But bit parts on TV weren’t enough for Lerato. She wanted to get rich and the way to do that, she decided, was with a blesser. “I went on the internet and watched videos about how to attract men. It was really easy.”
Before she knew it, men were falling for her charms but not the one she desperately desired. “I wanted the president, but it wasn’t easy to reach him.”
A FACEBOOK post announcing Tito Mboweni’s birthday popped up in Lerato’s feed on 16 March 2017 and she didn’t waste time sending him a birthday message. She’d never met the former governor of the Reserve Bank but he sent her his cellphone number and they chatted on WhatsApp for about two weeks before meeting in person, she alleges.
“He was a gentleman,” Lerato says. “He didn’t try to sleep with me or ask for nu_de pictures. He’s very oldfashioned.”
The year she was allegedly with him was “bliss”. She claims he paid for her holiday stays around the country and took her for dinners at expensive restaurants. He also gave her a monthly allowance of R4 000, she says.
“He would pay R1 500 just for dinner, and my heart would sink because that was what my mom would spend on groceries every month.”
As they grew closer, they spent less time at hotels and more time at his house in Killarney, Joburg.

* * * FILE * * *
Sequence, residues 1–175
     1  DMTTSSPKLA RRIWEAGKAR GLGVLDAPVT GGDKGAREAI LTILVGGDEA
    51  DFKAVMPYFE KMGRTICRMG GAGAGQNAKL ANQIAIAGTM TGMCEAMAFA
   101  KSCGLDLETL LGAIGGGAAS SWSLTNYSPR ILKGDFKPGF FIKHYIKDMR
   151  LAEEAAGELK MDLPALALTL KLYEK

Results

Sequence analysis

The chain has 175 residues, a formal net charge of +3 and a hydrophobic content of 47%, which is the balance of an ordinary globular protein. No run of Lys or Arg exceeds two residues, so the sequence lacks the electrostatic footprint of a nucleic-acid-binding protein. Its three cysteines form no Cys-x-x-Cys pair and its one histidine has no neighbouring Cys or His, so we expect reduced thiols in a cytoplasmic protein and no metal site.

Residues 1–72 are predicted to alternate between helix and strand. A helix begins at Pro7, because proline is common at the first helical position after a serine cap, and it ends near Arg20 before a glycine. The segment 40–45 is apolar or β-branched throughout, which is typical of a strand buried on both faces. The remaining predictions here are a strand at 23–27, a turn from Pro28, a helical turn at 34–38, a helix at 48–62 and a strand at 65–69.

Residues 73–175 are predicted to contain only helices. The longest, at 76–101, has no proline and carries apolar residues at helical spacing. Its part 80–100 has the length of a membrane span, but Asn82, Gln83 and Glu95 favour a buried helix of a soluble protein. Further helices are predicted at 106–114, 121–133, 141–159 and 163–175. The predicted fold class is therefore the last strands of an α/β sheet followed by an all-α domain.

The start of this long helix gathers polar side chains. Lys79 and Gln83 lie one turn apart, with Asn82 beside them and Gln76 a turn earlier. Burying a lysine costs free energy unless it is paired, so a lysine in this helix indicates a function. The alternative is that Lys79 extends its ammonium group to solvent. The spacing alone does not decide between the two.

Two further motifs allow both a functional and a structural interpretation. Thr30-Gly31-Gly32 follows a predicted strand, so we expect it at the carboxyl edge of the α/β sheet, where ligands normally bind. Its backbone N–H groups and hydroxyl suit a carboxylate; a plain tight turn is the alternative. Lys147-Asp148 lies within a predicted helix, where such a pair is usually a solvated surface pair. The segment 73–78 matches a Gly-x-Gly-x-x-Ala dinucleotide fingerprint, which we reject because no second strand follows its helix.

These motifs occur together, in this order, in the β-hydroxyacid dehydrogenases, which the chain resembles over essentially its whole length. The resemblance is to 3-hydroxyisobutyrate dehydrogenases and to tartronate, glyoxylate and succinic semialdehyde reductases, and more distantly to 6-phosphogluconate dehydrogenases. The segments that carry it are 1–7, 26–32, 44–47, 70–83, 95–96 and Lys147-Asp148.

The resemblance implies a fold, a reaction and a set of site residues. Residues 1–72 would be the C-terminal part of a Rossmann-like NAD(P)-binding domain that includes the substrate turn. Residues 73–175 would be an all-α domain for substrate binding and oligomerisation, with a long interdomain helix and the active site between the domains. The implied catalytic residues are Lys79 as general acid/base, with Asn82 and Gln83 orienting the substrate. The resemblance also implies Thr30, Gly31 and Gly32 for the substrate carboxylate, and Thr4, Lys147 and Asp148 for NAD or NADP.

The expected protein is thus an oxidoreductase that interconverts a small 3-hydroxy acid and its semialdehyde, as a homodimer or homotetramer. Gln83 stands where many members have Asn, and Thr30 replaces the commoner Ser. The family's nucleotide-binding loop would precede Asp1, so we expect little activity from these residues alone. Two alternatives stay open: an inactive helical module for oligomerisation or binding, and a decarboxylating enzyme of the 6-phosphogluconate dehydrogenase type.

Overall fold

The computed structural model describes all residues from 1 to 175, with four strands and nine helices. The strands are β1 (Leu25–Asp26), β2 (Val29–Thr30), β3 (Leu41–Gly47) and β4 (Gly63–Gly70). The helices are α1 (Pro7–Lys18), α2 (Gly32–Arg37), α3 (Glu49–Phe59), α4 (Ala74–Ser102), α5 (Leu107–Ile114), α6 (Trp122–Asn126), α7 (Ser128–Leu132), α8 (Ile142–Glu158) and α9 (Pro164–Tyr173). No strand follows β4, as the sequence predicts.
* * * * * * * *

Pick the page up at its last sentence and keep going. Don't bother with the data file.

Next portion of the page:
“He even introduced me to his son one afternoon when we found him at the house. Things were getting serious,” she says. And yes, he introduced her to others as his girlfriend, Lerato adds. Tito had a conservative side, she claims. He wanted her to clean up her social media, remove her bikini pictures and stop wearing weaves “because he likes his women natural”.
“He wanted to change me,” she says.
When he was appointed finance minister in October last year, their relationship began to fizzle out. “He was always on the road. He didn’t have time for me anymore.”
She was waiting to meet Tito for lunch at the Sheraton Hotel in Pretoria when she was approached by a middle-aged man with a big belly.
“He asked what I was having and told the waiter to order [a glass of Moët & Chandon] and put it on his tab.”
“I didn’t know he was Gwede Mantashe. I just saw money. I saw someone who was going to bless me.”
They exchanged phone numbers and started chatting on WhatsApp.
She ended the relationship with the finance minister and focused her attention on Gwede, who she describes as a “level-one blesser”.
He was giving her a monthly girlfriend allowance of R15 000, she claims.
Two months passed before she found out that Gwede – “a tiger” in the bedroom, she alleges – was also a cabinet minister. “I was like, ‘God, are you testing me?’ From one minister to another. I knew there and then that my life would never be the same,” she says.
Her excitement came to an abrupt end when she started getting calls from a man who asked her to confirm her relationships with the ministers.
“He promised me R1 million. He said they wanted to use the affair to blackmail him.”
She rejected the stranger’s offer. “I didn’t want to be involved. I am a fly, these people could squash me.”
She ended the relationship, she says, although “I still speak with Gwede”.
“He’s an easygoing guy, not fussy at all. He’s such a darling.”
Tito Mboweni and Gwede Mantashe were approached for comment but declined through their spokespeople.